We learned earlier today that Jon Favreau will not direct Iron Man 3, instead focusing his attention on The Magic Kingdom. Without too much speculation about what this means for the superhero sequel, this news wield connotations both good and bad.
The bad: Favreau played a major role in making the Iron Man universe so much fun in the first place. On some level, it would have been nice to see him work with Robert Downey Jr. on the series in perpetuity. The good: This obviously opens up Favreau to other projects — to spread the wealth, as it were. He’s got a head start with the wonderful-looking Cowboys & Aliens, and The Magic Kingdom is pure potential.
While in post-production on Cowboys & Aliens, Favreau took the time to reflect on his experience with the Iron Man franchise and look forward to taking on The Magic Kingdom. Hit the jump to hear what he had to say.
Favreau is understandably grateful for the opportunity that Marvel provided in handing him the keys to Iron Man. Prior to 2008, Favreau’s filmography as a director — Made, Elf, Zathura — certainly showed promise. But the world of blockbuster filmmaking, epitomized by Iron Man, is a whole different beast. Favreau explained to Hero Complex:
“Marvel and I both came of age together. The years that we shared were a pivotal experience. Kevin has a firm grasp on the many franchises and how they all interweave and I am happy that I had the opportunity to establish the world that these characters can now play in…. Iron Man has given me tremendous opportunities and Kevin and I are enjoying a lot of momentum in our careers thanks to the Iron Man films. I look forward to seeing what others can do playing in the same world.”
Let us hope that Marvel is able to provide a stage for another filmmaker on the level of Favreau with their vast slate of films. (The Avengers director Joss Whedon seems poised to seize feature film, no?)
It seems odd to refer to The Magic Kingdom, so clearly a giant studio film, as a passion project. But given its target demo and fantastical resources, Disney makes a personal connection with the viewer that is beyond the capability of virtually every other studio. Favreau knows this well:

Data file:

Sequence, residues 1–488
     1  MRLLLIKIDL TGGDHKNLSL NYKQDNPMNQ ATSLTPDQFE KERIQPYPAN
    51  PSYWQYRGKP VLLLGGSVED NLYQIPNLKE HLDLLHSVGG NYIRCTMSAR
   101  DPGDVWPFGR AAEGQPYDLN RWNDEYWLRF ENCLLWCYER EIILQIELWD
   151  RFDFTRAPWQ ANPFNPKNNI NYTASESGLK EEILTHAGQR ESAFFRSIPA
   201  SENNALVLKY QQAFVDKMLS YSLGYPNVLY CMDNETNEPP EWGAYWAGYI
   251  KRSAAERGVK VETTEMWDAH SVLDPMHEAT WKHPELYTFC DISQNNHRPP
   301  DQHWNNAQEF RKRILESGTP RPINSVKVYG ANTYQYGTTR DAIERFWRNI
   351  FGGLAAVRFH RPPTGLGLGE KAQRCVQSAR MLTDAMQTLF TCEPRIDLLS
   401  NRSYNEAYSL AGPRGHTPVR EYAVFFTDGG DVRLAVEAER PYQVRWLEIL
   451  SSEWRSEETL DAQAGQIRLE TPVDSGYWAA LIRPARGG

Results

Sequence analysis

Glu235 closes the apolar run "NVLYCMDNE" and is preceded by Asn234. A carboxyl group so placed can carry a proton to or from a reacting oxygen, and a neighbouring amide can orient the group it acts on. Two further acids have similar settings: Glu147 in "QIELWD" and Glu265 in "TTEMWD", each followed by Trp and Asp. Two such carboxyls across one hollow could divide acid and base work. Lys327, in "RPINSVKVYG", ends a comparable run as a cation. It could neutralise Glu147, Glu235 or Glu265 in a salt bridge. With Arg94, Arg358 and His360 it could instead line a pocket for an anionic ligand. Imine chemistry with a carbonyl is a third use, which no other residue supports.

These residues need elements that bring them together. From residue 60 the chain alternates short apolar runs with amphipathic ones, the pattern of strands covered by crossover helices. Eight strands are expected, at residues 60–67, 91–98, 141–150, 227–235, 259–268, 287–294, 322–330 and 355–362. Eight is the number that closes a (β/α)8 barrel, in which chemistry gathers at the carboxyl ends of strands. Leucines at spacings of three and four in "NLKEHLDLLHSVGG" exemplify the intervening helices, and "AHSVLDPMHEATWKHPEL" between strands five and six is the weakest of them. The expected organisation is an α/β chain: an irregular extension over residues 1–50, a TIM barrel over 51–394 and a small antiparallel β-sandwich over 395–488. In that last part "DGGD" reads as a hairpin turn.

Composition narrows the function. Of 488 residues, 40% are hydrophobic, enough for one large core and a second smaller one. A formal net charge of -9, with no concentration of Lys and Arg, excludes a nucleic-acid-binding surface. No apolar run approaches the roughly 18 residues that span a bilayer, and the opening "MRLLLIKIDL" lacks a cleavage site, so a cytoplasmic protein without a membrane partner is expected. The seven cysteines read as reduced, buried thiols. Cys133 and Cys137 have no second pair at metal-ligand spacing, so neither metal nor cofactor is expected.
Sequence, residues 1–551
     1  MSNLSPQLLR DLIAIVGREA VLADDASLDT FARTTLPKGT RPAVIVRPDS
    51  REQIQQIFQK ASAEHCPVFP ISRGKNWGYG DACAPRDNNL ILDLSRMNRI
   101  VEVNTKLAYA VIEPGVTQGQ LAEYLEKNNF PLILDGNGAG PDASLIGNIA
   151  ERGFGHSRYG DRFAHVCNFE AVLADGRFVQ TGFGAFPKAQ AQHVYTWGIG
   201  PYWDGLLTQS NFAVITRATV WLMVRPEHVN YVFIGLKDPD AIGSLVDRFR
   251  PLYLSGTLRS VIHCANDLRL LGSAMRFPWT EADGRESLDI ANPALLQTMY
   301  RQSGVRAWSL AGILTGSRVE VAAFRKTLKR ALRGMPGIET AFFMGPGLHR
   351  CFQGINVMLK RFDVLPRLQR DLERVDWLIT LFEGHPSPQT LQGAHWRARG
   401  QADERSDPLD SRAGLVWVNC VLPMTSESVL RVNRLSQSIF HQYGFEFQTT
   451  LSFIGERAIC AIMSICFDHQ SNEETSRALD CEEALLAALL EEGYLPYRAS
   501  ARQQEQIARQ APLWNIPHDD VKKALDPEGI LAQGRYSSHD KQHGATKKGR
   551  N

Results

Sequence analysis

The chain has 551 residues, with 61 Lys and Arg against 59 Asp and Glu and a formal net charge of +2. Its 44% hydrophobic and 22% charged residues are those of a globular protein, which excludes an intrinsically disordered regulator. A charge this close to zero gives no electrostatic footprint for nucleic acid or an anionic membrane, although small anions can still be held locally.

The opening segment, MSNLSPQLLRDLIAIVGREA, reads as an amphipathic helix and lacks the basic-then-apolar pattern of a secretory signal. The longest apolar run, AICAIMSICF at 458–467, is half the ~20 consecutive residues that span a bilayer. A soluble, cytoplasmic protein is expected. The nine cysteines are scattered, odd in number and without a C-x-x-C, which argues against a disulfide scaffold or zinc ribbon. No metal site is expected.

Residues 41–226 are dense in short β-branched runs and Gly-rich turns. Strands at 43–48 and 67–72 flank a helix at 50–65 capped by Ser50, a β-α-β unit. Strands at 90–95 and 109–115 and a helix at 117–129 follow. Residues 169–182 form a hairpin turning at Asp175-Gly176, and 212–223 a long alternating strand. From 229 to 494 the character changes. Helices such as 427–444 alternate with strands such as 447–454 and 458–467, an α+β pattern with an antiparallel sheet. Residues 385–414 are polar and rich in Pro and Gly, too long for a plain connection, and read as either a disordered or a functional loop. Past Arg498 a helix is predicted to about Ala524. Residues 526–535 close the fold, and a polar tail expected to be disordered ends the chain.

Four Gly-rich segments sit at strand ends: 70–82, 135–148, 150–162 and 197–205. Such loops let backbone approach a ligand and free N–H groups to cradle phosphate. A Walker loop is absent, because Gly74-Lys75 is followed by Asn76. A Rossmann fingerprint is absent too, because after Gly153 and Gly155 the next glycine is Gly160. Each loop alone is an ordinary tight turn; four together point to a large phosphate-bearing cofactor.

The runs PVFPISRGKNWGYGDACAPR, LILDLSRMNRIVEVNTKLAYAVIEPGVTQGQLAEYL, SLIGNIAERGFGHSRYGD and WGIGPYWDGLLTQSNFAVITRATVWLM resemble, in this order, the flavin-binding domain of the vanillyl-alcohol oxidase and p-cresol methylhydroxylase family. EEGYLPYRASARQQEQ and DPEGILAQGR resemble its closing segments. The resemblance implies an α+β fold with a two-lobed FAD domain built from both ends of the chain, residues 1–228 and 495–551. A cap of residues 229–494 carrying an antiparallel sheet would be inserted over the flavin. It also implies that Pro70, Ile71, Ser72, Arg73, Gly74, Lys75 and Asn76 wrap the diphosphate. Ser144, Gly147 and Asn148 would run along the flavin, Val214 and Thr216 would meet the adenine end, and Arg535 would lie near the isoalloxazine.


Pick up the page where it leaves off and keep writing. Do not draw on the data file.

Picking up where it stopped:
“Between the theme parks and the movies, the Disney iconography was probably the first set of archetypes that I was exposed to. Walt [Disney] was able to expose me as a child to the full array of emotions, including fear and sorrow. Those movies and attractions haunted my dreams and made a deep impression on me as a child. When I first heard about the [Magic Kingdom film] project, I was on my way to visit Disneyland with my family. I took notes and had no problem filling a book with all the ideas that this concept offered, even on first blush. Since then, I was lucky enough to be given a tour of Imagineering by Tony Baxter, who knows just about everything there is to know about Disneyland. He pulled original concept art from the archives for me and exposed me to Walt’s original vision.”
I don’t know if Favreau ever plans to work with less than $100 million for a budget again, but he has not forgotten his roots. Before he was “the director of Iron Man,” he was “the director of Elf.” To some, Favreau may still be the latter, a fact he takes pride in:
“I can’t begin to tell you how fulfilling the perennial nature of Elf on television has been for me. It’s great to be able to connect parents with children both emotionally and through humor. I look forward to exploring family entertainment once again and examining the specifics of our day-to-day lives against the backdrop of an extraordinary adventure.”
Cowboys & Aliens hits theaters on July 29, 2011. Can’t wait.